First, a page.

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Sewage system samples could aid in preventing another pandemic wave in Virginia

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Models paint a wide range of possibilities for the winter months. The more positive scenarios show infection rates will continue to drop. An ominous version illustrates the possibility of another surge that would shatter records set last year.

Before another potential COVID-19 wave strikes the commonwealth this winter, the Virginia Department of Health may be able to hoist warnings from a less-than-traditional detection method: wastewater.

Sewage system samples can be a barometer of sorts to gauge COVID-19 infection in a community, even before people start feeling sick. That’s because those infected with the illness shed virus in bodily waste.

In other words, this method could sound alarm bells about a week before outbreaks are found by other more traditional means.

To strengthen the early warning system, the health department is deploying more than two dozen of these wastewater monitoring sites across the state, the University of Virginia’s Biocomplexity Institute reported in its latest update, although it’s not clear where these systems will be stationed.

Coupled with regular surveillance programs, the goal is to provide red flags before a surge begins, thus giving residents the option to respond and prevent it from happening.

UVa researchers likened this process to a warning system put in place after a deadly tsunami in 2004.

“We’re in a similar position,” scientists wrote in the report. Models paint a wide range of possibilities for the winter months. The more positive scenarios show infection rates will continue to drop. An ominous version illustrates the possibility of another surge that would shatter records set last year.

In the end, the pandemic’s course — just like UVa reports have often said — lies in the hands of Virginians.

“With enough warning we could take steps to mitigate the next wave...” researchers wrote.

The wastewater tests are only one area state health leaders are focusing on to stave off another wave. Enhanced predictions could equally play a critical role.

“Individuals are often wrong, but crowdsourced forecasts can be surprisingly good at capturing the intangibles that affect complex processes like an epidemic,” UVa researchers recently wrote.

The health department is teaming with Metaculus to strengthen the forecasting process. Currently, there’s less than a 1-in-3 chance for winter surge, according to Metaculus estimates.

Looking elsewhere

Virginia often has — with a noticeable lag — followed step of other states throughout the pandemic. For example, Florida and Texas experienced last year’s record-breaking wave and this year’s delta surge before the commonwealth felt an impact, UVa report.

Michigan and other Midwestern states provided an early preview of the January wave, perhaps because colder weather infiltrates those areas far faster than Virginia.

The health department and leaders at UVa are “carefully scrutinizing” other states as a sign of what could be down the pandemic road, especially with some areas of the nation showing a rise in daily caseloads.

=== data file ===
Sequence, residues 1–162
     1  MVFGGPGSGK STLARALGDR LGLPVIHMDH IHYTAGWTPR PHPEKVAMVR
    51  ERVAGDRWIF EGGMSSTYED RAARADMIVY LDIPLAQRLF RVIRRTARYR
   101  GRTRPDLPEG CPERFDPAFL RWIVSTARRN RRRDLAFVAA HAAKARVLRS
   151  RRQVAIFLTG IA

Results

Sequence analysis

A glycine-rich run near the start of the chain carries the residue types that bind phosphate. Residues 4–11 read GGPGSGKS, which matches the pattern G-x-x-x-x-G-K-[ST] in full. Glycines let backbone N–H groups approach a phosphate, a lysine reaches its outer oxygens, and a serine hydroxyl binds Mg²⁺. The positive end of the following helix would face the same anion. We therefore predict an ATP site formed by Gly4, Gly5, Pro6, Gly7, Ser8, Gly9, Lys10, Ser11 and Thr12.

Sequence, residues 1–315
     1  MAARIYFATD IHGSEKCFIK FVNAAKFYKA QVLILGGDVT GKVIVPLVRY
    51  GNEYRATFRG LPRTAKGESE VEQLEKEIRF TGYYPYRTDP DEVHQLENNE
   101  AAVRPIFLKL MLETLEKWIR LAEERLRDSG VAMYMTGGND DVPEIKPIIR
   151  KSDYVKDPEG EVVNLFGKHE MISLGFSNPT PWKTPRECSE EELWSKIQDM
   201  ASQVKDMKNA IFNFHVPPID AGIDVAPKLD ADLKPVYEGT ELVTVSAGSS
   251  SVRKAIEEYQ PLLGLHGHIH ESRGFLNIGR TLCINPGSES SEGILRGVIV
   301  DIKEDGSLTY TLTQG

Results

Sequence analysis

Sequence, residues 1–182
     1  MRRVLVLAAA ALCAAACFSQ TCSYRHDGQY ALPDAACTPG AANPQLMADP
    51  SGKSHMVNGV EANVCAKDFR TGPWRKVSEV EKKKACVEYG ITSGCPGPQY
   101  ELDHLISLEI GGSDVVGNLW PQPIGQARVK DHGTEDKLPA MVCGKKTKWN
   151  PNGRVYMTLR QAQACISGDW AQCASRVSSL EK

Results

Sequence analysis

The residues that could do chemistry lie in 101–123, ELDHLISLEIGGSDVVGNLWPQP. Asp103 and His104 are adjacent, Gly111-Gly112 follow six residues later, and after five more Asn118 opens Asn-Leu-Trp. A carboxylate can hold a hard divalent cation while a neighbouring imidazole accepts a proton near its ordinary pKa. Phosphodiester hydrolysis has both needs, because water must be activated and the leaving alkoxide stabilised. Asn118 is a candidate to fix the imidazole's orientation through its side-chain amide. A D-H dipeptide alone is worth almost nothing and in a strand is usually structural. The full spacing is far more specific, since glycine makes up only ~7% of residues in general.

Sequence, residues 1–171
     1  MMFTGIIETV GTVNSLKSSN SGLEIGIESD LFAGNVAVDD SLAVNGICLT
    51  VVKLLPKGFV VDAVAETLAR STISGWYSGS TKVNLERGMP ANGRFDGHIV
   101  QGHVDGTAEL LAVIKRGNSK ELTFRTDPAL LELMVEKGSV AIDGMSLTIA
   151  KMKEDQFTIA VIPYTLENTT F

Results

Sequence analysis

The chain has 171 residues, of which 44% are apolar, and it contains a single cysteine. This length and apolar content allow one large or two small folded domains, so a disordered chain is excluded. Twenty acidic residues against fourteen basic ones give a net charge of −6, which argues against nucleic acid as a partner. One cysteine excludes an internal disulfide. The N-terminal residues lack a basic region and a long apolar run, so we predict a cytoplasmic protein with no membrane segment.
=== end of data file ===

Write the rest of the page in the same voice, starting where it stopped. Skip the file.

Current data

Throughout the state and Dan River Region, infections started to increase about a week before Thanksgiving but pulled back slightly this week. That could be due in part to a lag in reporting because of the holiday, something experienced many times over the pandemic. Data available early next week will show if the increase was just a blip or an indication of what’s to come.

“As the weather turns cold, people are spending more time indoors, in closer spaces, for longer periods,” Brookie Crawford, a spokesperson with the health department told the Register & Bee last week. “And with the approaching holidays — when people tend to gather – we expect these numbers to increase.”

In Danville, three new deaths at the hands of COVID-19 were added to the record books this week. The fatalities likely occurred at least weeks earlier because of the process state health officials use to verify a death was caused by the coronavirus.

In all, 328 residents of Danville and Pittsylvania County have died from the virus since the first fatality was reported in March 2020.

Southside Virginia remains locked in the highest-risk zone for COVID-19 spread, according to the Centers for Disease Control and Prevention. Areas with high infection rates and positivity percentages illustrate the virus is still spreading uncontrolled in a locality.

In communities with a high transmission, federal and state authorities recommend residents wear face masks for indoor public settings. However, as cases started to drop earlier this month, masks usage also scaled back across the state. About 61.5% of residents self-reported wearing face coverings before the holiday, a drop from the 65.5% in the first week of November.

Booster doses of COVID-19 also have tapered off, according to UVa. Yet, an uptick in vaccinations could prevent thousands of cases heading into next year, the most recent report noted.

“Please do your part to stop the spread and continue to practice good prevention, including indoor masking, social distancing, and self-isolating when sick, and get vaccinated as soon as possible,” researchers said.


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